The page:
He kneels by a pool in his home, performs mysticrites whereby he chokes Sir Joseph to death long-distance, andhas a Nubian servant retrieve the scroll. He draws Helen to hishome where a servant takes her dog. He “shall awaken memoriesof love and crime and death” by showing her visions in hispool.

In 18th-Dynasty Egypt, c. 1730 bce, the PrincessAnkh-es-en-amon, a priestess of the temple of Karnak, died. “Iknelt by the bed of death.” The High Priest Im-Ho-Tep pinchedthe Scroll of Thoth from the compartment in the statue of Osirisin order to revive her: “I dared the god’s anger and stoleit.” He attempted to perform the rites over her corpse,but “They broke in upon me, and found me doing an unholything.” “Thy father condemned me to the nameless death”:live mummification and burial in an unmarked grave. The scrollwas buried with him so that there would be no more “disgraces.” The slave gravediggers were killed and the soldiers who killedthem were in turn also killed. “My love has lasted longerthan the temples of our gods. No man ever suffered as I did foryou.” Now reincarnated in Helen, she must undergo the “greatnight of terror and triumph until you are ready to face momentsof horror for an eternity of love.” [Footage shot of Helen’sother incarnations (an early Christian, a Viking woman, a Frenchnoblewoman) were left out of the film.]

Helen’s dog has died, something to do withBey’s white cat and Bast “the cat-goddess of evil,”by the time she has returned home to a fretting Frank. She istreated as ill and the men vow to destroy Ardath Bey / Im-Ho-Tep. Bey transmits a curse to Frank, but an Isis charm saves the youngunconscious ass.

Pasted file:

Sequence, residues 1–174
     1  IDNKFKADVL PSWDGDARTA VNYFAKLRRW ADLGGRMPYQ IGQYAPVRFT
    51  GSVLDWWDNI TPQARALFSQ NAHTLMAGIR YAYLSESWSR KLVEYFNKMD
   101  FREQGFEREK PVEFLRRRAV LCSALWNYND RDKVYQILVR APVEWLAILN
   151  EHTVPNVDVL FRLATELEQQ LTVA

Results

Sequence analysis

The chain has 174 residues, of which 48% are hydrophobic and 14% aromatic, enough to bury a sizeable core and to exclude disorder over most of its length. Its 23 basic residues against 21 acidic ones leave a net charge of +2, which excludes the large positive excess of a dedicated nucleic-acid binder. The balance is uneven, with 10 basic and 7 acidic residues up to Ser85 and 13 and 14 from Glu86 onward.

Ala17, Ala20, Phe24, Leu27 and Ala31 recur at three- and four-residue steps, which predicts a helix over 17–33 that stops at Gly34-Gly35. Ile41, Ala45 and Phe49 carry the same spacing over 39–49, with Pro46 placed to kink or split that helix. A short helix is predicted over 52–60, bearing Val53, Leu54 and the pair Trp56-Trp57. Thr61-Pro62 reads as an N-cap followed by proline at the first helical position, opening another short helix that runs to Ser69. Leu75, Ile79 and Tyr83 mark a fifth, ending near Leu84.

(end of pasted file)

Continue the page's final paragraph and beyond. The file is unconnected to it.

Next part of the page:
Helen goes to Bey again and appears in Egyptianroyal garb, speaking as if she were the Princess. He explainsthat he could just raise the remains of the Ankh-es-en-amon, “butit would be a mere thing that moved at my will without a soul.” So he must kill and embalm her to get rid of the Helen shell,and then resuscitate her in immortality. She freaks: It is notlawful for me . . . to touch an unclean thing!” in the embalmingroom. “I’m young! . . . I loved you once but now you belongwith the dead. I am Ankh-es-en-amon, but I- I’m somebody elsetoo. I want to live! . . . You shall not plunge my body intothat!” Bey bays, “For thy sake I was buried alive.. . . Let the deed be done.” Princess Helen appeals toa statue of Isis. Frank and Muller arrive but are held at bayby Bey. When he is about to stab her, the statue raises its handand zaps Bey, who dries and disintegrates. Helen has faintedagain and Frank must “call her” back as the Scroll ofThoth burns.


Commentary: The mummy as mummy, the bandaged monster, appears only in theopening scene; the “monstrosity” in this film is actuallythe horror of static obsession. We have light but ample evocationsof necrophilia, which Helen picks up on in Frank’s moronic commentsabout unsealing tombs and which seem repressed just below thesurface of Im-Ho-Tep’s line about the “disgrace”: “Theybroke in upon me, and found me doing an unholy thing.”

The weirdness of what the Beatles would call”filthy eastern ways” doesn’t particularly work welland seems more arbitrary than mystical — that is, the visionarypool, the remote-control spells and oppressions, and the caninocide. What does succeed in lending a modicum of the haunting qualityso desireable here are the disturbed musings of Helen: that shefeels ill-at-ease in “dreadful modern Cairo,” irrationallyrecoils at archaeology, and does vaguely remember her Ankh-es-en-amonlife. But she has “moved on,” with several lives infact (although the final editing cut this aspect), whereas Im-Ho-Tephas emotionally fossilized, which is the real death, for as JosephCampbell says in The Power of Myth, “holding on toyourself and not letting yourself become food is the primary life-denyingnegative act. You’re stopping the flow! And a yielding to theflow is the great mystery experience. . . . You, too, will begiven in time.” At the root of this myth, then, is the demonstrationthat denial of death is an even worse death.